1. The Ignition System is the one tasked with creating and delivering spark to each of the 6 cylinders. Without spark, the engine will crank but Not Start.
  2. The Ignition System of the Nissan vehicles covered by this article use either distributor type system or a COP (Coil-on-Plug) ignition coil system. In a COP ignition coil system, each cylinder has its own ignition coil; thus eliminating the distributor entirely.
  3. In my experience, the most common component failures, of the Ignition System that cause a No Start No spark Condition are:
    1. Ignition control module (ICM) -most commonly known as the igniter (if distributor equipped).
    2. Ignition coil.
    3. Distributor cap (if distributor equipped).
    4. Distributor rotor (if distributor equipped).
  4. All of the above Ignition System components can be tested in a methodical way to find out exactly what has failed (if indeed something has).

2.)  Fuel System

  1. The Fuel System is the one responsible with supplying the engine with fuel.
  2. The Fuel System component that causes the majority of No Start No Fuel problems:
    1. Fuel pump relay.
    2. Fuel pump.
  3. The fuel pump can be tested to make sure it has really fried using a fuel pressure gauge.

3.)  Engine Mechanical System

  1. The components that are responsible for drawing in the air the engine needs are the: engine pistons, cylinder head valves, and all the other related components like: timing chain, etc.
  2. Although rare, internal engine mechanical problems can and do cause No Start Conditions.
  3. Possible internal/external engine problems are:
    1. Blown head gasket.
    2. Blown engine.
    3. Busted timing belt.

OK, the list of possible things that can go wrong looks pretty long... but it is rare to see (or have) two different components go BAD from two separate systems at the same time.

The cool thing is, is that there is a diagnostic strategy that you can use to figure out exactly what's wrong with your particular No Start problem. Let's find out more about it in the next subheading...


No Start 1: Checking for Spark

If your Nissan is suffering a cranks but does not start condition, my suggestion to you is to start by checking the ignition system. Specifically, what this means is that you should check that all cylinders are getting spark.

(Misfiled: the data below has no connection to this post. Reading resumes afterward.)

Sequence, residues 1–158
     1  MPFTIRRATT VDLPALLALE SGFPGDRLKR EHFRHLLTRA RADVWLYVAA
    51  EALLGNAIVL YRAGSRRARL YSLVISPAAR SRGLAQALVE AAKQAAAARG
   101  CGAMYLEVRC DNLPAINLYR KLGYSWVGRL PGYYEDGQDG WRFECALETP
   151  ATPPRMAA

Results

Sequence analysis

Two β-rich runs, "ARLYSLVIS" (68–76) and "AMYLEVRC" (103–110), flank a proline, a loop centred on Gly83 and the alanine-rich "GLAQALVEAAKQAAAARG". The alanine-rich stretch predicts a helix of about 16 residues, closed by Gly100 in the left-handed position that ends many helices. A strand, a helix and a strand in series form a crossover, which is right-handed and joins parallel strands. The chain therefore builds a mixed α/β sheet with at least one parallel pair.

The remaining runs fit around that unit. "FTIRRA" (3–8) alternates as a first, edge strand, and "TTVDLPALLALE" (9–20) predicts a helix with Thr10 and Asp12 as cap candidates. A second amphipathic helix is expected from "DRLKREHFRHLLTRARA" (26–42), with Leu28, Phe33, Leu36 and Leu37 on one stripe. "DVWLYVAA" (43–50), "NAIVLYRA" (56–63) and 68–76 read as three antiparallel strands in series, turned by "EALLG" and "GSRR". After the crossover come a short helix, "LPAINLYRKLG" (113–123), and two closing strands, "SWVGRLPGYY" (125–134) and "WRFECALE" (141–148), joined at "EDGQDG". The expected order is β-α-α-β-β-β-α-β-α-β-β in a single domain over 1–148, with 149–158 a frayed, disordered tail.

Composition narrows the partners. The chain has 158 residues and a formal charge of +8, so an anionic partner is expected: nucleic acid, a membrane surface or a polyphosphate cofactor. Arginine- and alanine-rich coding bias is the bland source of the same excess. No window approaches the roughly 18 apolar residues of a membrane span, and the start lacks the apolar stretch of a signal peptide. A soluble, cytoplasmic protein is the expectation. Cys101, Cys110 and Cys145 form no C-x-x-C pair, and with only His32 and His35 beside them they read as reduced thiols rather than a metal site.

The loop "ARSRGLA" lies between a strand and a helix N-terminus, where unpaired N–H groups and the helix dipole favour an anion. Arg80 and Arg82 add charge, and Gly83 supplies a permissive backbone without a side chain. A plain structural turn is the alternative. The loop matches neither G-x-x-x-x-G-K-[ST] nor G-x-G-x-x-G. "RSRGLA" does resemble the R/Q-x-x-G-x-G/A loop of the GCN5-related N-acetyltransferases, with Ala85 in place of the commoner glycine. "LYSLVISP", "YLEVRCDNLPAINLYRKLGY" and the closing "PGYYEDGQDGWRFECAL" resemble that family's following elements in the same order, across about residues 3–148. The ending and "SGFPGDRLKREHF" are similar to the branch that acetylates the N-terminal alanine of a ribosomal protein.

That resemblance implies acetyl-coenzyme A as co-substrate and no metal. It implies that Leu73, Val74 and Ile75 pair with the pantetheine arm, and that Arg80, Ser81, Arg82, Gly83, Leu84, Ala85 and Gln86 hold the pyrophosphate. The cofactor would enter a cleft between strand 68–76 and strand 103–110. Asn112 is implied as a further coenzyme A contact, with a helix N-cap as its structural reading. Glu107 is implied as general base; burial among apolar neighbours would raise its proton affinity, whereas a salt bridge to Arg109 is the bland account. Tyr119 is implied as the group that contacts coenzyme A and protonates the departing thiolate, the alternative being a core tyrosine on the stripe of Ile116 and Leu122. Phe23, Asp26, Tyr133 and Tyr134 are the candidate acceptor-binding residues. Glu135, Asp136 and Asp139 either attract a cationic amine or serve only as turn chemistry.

Testing for Spark can very easily and safely be done with a dedicated spark tester.

My suggestion, about testing for spark, applies whether your Nissan has a distributor-type ignition system or the more modern COP ignition coil system (in the Coil-on-Plug (COP) ignition coil system, you don't have a distributor anymore but 6 individual ignition coils sitting right on top of the spark plug).

If the Ignition System is the cause of the No Start, you're not gonna' see spark at any of the 6 spark plug wires or 6 COP ignition coils. If there is spark being fed to all cylinders... then you can eliminate the ignition system as the cause of the No Start condition and can move on to other tests (like testing fuel pressure).

Remember, the idea behind checking for spark is to see if all of the engine cylinders are getting spark. Here are the most common causes of a No spark result:

CASE 1: Spark was present in all cylinders This result tells you three very important things: 1.) the crank sensor is functioning correctly, 2.) the ignition control module (also known as the igniter or power transistor) is OK -this applies to distributor-type systems, and 3.) the ignition coil is good. You don't have to spend any time testing them or any money replacing them.

Your next step is to verify fuel pressure. Go to No Start 2: Checking Fuel.

CASE 2: Spark was NOT present in all of the cylinders (DISTRIBUTOR TYPE): This test result tells you without a doubt that the No Start Condition of your Nissan is due to a malfunction in the ignition system.